What Matters Most
I share many of your thoughts regarding the Business vs. Art aspect, but let me ask you, as a reader do you view material the same way, meaning do you ever think to yourself "maybe this isn't the best story, writing, etc. but you are in some way able to see a film that you think would make money -- do you recommend on this basis or do the other factors cause you to pass?
I responded that typically the opposite is more common. It is more likely I'll read something that is well-written but is unlikely to succeed commercially, rather than something that is poorly written but still seems likely to prove commercially viable.
I'd like to talk about this a bit more, and specifically about those rare times when a poorly written script still might be worth buying. It is no secret that ProdCos will not infrequently option scripts that are not perfect. There is a very good reason that the department in charge of acquiring scripts is called the "Development" department. So I wanted to talk a bit more about these flawed screenplays that still get picked up.
Let me begin by stating that there is nothing better than a script that is excellent (and by this I mean both a unique, commercial idea and solid technical execution). But still, since many of the optioned scripts don't fully meet these criteria, let's examine what else it takes to sell a spec in Hollywood.
First, I'd like to point you to a post from last week by relatively new Scribosphere blogger Screenwriting Guy. He has a blog called "I Am Trying to Make You Laugh," and posted on a related topic, HERE. I think he does a great job of distilling the core of what makes a Great Movie Idea. Go read it -- I'll wait.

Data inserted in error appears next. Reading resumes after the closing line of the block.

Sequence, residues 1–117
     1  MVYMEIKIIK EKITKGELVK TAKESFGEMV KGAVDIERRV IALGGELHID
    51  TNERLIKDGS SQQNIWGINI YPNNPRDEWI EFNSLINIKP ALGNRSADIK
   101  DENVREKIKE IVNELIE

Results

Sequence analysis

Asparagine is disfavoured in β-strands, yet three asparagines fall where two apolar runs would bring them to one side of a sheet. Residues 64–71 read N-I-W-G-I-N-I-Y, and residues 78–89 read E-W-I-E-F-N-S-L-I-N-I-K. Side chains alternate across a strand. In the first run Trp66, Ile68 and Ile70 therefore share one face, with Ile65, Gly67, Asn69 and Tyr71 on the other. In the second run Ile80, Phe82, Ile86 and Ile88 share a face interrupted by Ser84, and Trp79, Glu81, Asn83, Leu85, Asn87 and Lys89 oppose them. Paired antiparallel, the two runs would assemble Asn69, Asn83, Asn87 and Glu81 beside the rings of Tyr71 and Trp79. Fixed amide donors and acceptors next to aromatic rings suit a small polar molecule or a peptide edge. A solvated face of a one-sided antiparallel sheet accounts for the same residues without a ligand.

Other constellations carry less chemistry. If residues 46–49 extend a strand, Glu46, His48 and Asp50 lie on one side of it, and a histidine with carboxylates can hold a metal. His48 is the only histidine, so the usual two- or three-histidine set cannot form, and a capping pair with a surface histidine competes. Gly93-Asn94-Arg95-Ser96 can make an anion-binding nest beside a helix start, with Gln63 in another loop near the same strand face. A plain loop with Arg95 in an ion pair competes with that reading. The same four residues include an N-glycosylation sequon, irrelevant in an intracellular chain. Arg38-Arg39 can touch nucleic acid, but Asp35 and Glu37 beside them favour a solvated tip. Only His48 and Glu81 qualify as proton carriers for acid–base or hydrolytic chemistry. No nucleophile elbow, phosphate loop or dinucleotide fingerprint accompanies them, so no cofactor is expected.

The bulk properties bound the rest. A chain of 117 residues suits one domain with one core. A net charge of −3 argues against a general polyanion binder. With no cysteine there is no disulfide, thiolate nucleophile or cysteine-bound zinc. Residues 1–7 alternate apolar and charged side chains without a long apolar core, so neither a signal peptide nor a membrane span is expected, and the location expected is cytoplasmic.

Back? Okay. So as I read that post, it reminded me of my most recent article for scr(i)pt magazine (not out yet), and how he's covered half of the puzzle. I'm not going to spell everything out (since I do that in the article), but I will say this: there are two aspects that are most important in selling any spec screenplay. Concept and Story. It is rare that anyone in development will read a script that has a bad story and concept but has such inventive dialogue or vivid characters that they'll decide to buy it anyway. However, if a writer displays lower quality technical skills, but still has come up with a solid story built around an inventive and commercially appealing concept, the necessary rewrites become more appealing and feasible.
It is much easier to rewrite for details than to rewrite for the big picture. That's why these kinds of scripts still sell sometimes. Think of a just adequately written script that has a great premise and story as an extended version of a pitch, because that is essentially what it is, with a few added elements. But it is typically easier to sell a spec than a pitch, especially for an unproven screenwriter. Thus, you'll be better served writing a spec with a great idea and story, than trying to sell the same material as a pitch. And while you ideally want to have a great script in all aspects (especially if your goal is be a working writer, rather than just to make money off your idea), you still need to focus on getting those two aspects right before anything else. Without a good idea and a well-structured story, you will have an almost impossible time selling your script.
Tags: screenwriting, spec+screenplays